POSTED BY MARK & BROWN, P.A. || 12-MAY-2015
When talking about bankruptcy you frequently hear about dischargeable debt and non-dischargeable debt, but people are often confused about what these words mean and when they apply. We’d like to clear this up a little bit. In this post, we are going to provide some definitions and explanations of what these words are all about, and also how they apply to you as an individual.
First, what is dischargeable debt? A dischargeable debt is an obligation that can be wiped out by a bankruptcy discharge. This means that once you receive your discharge you are no longer obligated in these debts, and creditors cannot come after you to collect. Now, most debts can be liquidated or reorganized, but some of them cannot. Those debts are known as non-dischargeable.
Some debts are always non-dischargeable unless you can demonstrate extraordinary circumstances to convince the court otherwise. This category can include debts that you fail to list on your bankruptcy petition. Such debts are non-dischargeable unless you can prove that the creditor had actual knowledge of the bankruptcy.
Other non-dischargeable debts can include certain types of taxes like payroll taxes, federal tax liens, and fraud penalties. Child support debts and debts to a spouse that come from a divorce are also non-dischargeable. Judgements from DUI’s, homeowner’s association fees, and student loans are also frequently non-dischargeable.
It is worth mentioning that the court may deny a Chapter 7 bankruptcy discharge if the debtor fails to follow court rules and procedure. If the debtor violates these rules often enough, the court may deny the entire petition and any chance for a discharge. Remember, you do not have an absolute right to discharge all of your debts. Everyone must follow Section 727(a) of the Bankruptcy Code. This section lists all those reasons why the court may deny a discharge. Not following the rules can lead to creditors or trustees objecting to the Chapter 7 after discharge.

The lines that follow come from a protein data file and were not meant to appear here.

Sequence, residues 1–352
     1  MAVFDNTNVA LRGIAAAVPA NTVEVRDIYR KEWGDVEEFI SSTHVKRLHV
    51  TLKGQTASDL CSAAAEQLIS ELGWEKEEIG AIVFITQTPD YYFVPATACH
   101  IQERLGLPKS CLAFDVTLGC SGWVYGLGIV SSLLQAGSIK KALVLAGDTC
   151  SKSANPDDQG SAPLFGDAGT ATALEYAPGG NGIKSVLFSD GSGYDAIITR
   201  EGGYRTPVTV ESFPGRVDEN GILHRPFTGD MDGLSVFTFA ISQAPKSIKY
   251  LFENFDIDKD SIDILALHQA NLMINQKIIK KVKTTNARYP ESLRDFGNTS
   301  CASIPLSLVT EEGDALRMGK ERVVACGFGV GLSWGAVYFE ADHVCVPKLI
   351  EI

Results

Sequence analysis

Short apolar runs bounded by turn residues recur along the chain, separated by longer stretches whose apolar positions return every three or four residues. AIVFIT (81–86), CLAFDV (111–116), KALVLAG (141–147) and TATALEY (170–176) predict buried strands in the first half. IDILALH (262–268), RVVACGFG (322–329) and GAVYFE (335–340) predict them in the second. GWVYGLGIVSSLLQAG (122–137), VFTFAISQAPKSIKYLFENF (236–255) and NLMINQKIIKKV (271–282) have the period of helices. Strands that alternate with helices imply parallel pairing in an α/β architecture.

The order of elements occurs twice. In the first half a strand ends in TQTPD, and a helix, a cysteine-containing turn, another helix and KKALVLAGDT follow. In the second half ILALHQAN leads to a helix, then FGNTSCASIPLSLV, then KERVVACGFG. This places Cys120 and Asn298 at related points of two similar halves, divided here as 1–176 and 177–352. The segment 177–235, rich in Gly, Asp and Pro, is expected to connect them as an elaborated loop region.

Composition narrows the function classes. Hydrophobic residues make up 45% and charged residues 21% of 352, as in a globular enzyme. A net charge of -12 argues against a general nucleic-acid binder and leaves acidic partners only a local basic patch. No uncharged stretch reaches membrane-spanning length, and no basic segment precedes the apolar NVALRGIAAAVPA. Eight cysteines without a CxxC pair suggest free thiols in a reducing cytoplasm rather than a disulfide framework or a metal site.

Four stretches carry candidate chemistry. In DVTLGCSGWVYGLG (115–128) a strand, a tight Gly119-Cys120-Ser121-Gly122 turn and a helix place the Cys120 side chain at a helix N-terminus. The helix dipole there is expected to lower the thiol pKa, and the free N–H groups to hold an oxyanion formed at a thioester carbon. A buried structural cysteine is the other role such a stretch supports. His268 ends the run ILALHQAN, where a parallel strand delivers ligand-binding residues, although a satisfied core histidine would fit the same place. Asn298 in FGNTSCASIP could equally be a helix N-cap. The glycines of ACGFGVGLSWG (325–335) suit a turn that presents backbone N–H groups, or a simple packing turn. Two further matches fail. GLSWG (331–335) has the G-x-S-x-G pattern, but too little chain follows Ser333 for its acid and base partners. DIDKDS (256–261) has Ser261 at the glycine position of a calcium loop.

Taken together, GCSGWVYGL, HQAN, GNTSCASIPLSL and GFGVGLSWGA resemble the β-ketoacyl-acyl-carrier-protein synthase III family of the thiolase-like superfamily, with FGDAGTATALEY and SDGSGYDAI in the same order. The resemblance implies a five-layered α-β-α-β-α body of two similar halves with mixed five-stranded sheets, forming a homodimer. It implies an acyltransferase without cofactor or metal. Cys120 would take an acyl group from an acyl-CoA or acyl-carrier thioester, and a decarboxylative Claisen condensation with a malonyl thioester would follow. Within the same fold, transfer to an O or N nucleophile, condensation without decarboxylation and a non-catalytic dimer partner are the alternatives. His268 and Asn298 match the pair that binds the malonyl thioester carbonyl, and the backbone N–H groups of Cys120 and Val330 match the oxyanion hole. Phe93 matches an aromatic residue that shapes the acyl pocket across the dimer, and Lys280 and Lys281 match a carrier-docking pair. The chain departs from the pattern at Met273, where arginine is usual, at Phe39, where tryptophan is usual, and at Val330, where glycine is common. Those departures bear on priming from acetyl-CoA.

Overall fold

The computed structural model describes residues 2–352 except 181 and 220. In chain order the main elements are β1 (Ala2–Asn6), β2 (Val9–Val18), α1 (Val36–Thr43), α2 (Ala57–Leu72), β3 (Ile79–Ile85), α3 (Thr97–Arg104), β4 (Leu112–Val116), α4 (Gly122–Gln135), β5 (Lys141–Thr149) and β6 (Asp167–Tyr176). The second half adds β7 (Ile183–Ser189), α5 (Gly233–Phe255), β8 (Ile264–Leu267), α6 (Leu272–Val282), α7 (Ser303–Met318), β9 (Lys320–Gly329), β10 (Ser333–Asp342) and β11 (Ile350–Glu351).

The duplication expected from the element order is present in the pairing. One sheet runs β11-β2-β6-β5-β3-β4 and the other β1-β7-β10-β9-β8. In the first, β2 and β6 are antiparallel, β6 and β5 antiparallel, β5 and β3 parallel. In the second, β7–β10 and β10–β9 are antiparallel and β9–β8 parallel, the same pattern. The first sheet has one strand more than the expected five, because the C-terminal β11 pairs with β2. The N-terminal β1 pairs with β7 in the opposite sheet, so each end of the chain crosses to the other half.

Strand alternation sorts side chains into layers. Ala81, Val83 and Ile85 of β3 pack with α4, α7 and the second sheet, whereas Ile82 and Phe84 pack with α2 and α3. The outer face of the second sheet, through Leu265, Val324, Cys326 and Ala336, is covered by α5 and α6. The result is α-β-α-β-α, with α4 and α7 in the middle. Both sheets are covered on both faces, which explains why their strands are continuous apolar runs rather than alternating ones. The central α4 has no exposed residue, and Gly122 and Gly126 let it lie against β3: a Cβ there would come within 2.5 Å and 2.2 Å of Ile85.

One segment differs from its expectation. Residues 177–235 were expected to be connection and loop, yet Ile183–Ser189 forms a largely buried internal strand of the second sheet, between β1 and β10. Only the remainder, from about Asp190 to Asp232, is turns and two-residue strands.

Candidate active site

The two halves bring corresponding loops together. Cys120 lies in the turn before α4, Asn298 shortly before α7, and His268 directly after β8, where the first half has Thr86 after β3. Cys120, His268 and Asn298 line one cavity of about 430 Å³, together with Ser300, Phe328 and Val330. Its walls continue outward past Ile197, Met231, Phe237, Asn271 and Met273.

Yes, your creditors are allowed to object to a discharge. The creditor will have to prove to the court that the particular debt should not be discharged, and most of these disputes arise over credit card purchases of luxury items. If the debt is owed to a single creditor, comes to more than $650, and was incurred within 90 days of filing for Chapter 7, then the creditor may be able to make a convincing case that debt should not be dischargeable. In such cases, the debtor will have to prove that they intend to pay the charges back, or that the goods are not actually luxury items.
Cash advances are also likely to be disputed by creditors. This is especially true if they add up to more than $925 and were obtained within 70 days of filing for bankruptcy.
If you have questions about whether or not your debts are dischargeable, or if you just have general questions about bankruptcy, please feel free to contact our offices. We can schedule you a free consultation to speak with an experienced bankruptcy attorney.